So if Mamet and others are talking of the “free market”, then let’s make it free, but like a football game, have some off-side laws and recognized boundaries. If getting rid of Affirmative Action will balance the playing field and take away the concept of the victim and empower people of all backgrounds to stand on their own two feet, great. But let’s create as much equal opportunity as possible at the same time. It’s all very well to say, well, from now on, we’re all starting from zero, but what if we are starting at – 50, then what? Should anything be done or should we just leave it to personal ambition and drive to do that – in time!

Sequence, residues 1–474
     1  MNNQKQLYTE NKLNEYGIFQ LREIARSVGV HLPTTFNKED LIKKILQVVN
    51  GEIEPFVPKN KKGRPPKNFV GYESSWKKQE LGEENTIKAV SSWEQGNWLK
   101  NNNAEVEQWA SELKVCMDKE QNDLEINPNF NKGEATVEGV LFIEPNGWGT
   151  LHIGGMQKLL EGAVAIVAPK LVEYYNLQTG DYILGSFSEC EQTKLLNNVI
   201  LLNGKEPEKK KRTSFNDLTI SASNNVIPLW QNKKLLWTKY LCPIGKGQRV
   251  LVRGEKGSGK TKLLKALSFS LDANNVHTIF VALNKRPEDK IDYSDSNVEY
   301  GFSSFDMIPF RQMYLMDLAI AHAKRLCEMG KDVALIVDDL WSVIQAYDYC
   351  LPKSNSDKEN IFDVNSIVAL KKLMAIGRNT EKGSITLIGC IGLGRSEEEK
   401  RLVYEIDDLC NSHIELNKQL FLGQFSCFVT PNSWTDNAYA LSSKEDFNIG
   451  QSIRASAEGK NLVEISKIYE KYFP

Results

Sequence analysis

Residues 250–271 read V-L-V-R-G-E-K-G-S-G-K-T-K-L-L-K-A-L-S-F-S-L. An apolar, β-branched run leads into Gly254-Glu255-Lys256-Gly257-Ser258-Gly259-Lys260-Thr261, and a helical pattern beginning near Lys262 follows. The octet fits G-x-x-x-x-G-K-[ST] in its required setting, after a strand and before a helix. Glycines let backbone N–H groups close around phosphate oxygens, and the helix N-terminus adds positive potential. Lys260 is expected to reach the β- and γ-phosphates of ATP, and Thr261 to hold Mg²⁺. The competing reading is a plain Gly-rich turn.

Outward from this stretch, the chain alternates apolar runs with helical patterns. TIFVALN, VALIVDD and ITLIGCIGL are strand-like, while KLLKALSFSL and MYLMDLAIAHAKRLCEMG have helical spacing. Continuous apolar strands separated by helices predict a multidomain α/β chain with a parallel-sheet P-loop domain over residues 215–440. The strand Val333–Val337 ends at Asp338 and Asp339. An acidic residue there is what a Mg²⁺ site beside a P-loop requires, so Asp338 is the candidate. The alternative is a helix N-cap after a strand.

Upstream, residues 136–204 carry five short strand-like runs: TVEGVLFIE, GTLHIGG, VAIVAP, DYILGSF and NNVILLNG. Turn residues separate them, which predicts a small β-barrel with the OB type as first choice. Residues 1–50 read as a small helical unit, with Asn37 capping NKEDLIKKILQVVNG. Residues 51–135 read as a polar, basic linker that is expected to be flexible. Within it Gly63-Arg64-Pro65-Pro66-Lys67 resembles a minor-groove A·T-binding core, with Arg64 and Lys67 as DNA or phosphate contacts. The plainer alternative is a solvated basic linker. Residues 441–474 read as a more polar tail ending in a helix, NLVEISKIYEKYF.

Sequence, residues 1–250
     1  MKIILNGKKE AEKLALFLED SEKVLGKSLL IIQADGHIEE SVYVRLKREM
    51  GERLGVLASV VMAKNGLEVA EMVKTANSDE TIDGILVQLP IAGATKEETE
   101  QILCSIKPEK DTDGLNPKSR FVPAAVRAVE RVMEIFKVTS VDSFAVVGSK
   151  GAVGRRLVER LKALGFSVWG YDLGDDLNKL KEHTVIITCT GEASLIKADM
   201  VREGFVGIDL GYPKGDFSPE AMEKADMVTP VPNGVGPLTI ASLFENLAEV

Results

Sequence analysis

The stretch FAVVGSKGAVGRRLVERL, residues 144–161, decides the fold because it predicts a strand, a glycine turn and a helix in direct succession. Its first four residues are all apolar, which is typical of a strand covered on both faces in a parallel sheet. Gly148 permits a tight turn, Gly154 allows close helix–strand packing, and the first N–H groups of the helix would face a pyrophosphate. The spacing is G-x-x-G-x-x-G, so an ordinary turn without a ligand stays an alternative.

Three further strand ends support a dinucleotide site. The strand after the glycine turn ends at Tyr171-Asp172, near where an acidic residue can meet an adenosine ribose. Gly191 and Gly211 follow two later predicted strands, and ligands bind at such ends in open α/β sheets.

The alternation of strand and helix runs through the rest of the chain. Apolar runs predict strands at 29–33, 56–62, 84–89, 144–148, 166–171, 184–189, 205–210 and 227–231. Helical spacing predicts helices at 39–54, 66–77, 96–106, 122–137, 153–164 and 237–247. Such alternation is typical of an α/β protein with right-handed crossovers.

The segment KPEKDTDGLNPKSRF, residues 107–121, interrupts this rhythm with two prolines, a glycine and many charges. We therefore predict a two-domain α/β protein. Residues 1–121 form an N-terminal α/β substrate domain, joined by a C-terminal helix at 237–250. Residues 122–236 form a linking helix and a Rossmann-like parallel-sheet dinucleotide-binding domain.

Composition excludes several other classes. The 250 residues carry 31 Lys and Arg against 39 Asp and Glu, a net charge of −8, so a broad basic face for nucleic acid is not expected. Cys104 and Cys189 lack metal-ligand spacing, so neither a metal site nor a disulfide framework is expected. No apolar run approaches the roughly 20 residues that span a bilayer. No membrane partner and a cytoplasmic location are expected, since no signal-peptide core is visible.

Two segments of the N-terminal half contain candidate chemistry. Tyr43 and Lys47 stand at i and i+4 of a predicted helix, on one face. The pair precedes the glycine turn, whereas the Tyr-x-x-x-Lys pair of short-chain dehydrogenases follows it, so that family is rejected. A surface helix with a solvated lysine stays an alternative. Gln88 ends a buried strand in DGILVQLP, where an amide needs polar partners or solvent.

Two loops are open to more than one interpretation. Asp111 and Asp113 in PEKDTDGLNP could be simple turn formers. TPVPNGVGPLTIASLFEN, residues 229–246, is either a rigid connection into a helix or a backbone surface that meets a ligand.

And back to Africa, Mamet quotes Dambisa Moya’s book, “Dead Aid” which is an indictment of much of the aid industry in Africa (and perennial favourite amongst the academic right wing) but she makes a good point. (let’s forget for a moment her links to Goldman Sachs, World Bank, Barclays Bank, World Economic Forum and now Chevron Corporation). Perhaps similarly to the concept of Affirmative Action, her argument is that aid simply encourages dependency and perpetuates the very inequalities it is meant to alleviate. Corrupt governments being given money to facilitate development simply lets the government off the hook doing the work for itself and anyway, the poor people don’t see any of the money anyway. As someone said somewhere, “Aid is poor people in rich countries giving money to rich people in poor countries.” Kind of sums it up.